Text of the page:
The symptoms of Smoking Cessation will depend on how addicted the body is to nicotine and how strong the person's willpower is to quit. The quitter will feel frequent sensations of hunger, discomfort and irritation, and the inability to concentrate. Headaches are common and so are persistent coughing, constipation and mouth ulcers. These symptoms are known as nicotine withdrawal symptoms. They will be felt strongly during the first few days following Smoking Cessation but fade away within a couple of weeks.
Smoking cessation
Image: Smoking cessation

There are other short-term effects as well, which include sadness and anxiety, restlessness, and insomnia. Another symptom, depression, is felt particularly strongly in women. Women will find it even more challenging to quit during some phases of their reproductive cycle. Smoking Cessation will also cause an increase in appetite which will bring about some weight gain. This symptom can be remedied by a low-fat diet and regular exercise.

It will usually take several tries before a smoker succeeds in quitting. While some people prefer to quit “cold turkey”, others prefer to take it a step at a time with the help of how-to manuals, medication, nicotine replacement products and counseling. Smoking Cessation is a trial-and-error procedure and it will take quitters some time before finding the right method that works best for them.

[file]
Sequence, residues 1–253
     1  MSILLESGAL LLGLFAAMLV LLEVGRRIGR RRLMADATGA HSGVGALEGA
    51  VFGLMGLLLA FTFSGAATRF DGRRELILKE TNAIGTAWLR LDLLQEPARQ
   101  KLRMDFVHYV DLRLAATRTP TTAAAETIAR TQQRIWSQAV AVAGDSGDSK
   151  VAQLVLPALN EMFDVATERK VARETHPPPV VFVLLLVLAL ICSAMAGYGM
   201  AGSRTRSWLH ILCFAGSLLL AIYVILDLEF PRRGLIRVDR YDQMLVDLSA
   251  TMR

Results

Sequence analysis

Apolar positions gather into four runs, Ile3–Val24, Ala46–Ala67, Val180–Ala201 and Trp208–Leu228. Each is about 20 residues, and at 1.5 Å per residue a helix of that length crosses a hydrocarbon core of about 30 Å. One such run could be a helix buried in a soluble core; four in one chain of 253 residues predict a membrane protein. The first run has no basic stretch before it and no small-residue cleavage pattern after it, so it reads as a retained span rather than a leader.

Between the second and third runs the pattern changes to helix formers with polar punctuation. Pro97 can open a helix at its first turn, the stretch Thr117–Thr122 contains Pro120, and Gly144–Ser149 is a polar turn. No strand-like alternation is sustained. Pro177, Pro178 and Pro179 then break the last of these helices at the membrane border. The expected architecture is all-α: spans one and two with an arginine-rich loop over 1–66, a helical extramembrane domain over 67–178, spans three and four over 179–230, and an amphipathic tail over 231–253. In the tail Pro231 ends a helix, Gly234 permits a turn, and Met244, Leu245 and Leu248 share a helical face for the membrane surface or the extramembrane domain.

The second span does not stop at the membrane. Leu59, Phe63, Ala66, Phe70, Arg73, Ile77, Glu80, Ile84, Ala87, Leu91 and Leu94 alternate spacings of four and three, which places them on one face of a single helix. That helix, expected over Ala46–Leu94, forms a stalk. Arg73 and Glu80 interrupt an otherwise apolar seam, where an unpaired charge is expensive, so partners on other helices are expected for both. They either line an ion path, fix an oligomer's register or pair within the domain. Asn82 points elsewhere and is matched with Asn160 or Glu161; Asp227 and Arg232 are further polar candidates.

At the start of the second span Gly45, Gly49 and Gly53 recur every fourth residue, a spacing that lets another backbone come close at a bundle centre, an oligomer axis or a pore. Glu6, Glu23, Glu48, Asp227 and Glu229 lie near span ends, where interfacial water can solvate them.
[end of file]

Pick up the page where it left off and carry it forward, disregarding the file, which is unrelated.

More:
There are also other strategies that have been used to urge smokers to stop. Among these are advertising campaigns, tobacco taxes, raising the price of tobacco products, and smoking restriction policies.

Health-wise, quitting a smoking habit will benefit the person. The absence of nicotine will result in an improvement of blood circulation as carbon monoxide levels begin to subside and high blood pressure returns to normal. Any existing breathing problems cease and a person's sense of smell and taste get better. Smoking Cessation will lower the risk for cancer and increase a person's lifespan by up to 10 years if Smoking Cessation is began in early adulthood.

Smokers who quit are also benefited by improved mental health and lesser occurrences of diseases usually associated with old age, such as arthritis and osteoporosis.

When smokers often find it difficult to quit, one of the complications of Smoking Cessation is falling back into the habit after a couple of weeks or months of not smoking. However, persistence is the key, and people who have stayed away from smoking for 3 months or more have a greater success rate of quitting for good. Smokers have a better chance of quitting with adequate mental preparation, support and encouragement from family and friends, coping mechanisms for stress and cravings, the correct medication, preparing themselves for any chances of relapse, and the determination to keep trying until they succeed.